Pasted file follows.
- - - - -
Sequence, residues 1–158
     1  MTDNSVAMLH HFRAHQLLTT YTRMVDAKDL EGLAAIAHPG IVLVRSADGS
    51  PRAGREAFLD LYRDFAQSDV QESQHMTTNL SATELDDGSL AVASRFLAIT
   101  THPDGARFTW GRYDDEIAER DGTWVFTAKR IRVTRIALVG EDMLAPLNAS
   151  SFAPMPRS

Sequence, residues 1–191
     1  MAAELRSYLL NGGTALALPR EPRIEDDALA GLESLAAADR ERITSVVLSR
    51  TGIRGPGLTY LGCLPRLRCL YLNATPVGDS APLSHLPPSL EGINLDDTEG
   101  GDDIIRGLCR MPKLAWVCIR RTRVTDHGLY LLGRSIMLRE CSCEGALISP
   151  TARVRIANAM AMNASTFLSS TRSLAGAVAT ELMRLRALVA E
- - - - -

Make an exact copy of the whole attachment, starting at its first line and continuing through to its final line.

Sequence, residues 1–158
     1  MTDNSVAMLH HFRAHQLLTT YTRMVDAKDL EGLAAIAHPG IVLVRSADGS
    51  PRAGREAFLD LYRDFAQSDV QESQHMTTNL SATELDDGSL AVASRFLAIT
   101  THPDGARFTW GRYDDEIAER DGTWVFTAKR IRVTRIALVG EDMLAPLNAS
   151  SFAPMPRS

Sequence, residues 1–191
     1  MAAELRSYLL NGGTALALPR EPRIEDDALA GLESLAAADR ERITSVVLSR
    51  TGIRGPGLTY LGCLPRLRCL YLNATPVGDS APLSHLPPSL EGINLDDTEG
   101  GDDIIRGLCR MPKLAWVCIR RTRVTDHGLY LLGRSIMLRE CSCEGALISP
   151  TARVRIANAM AMNASTFLSS TRSLAGAVAT ELMRLRALVA E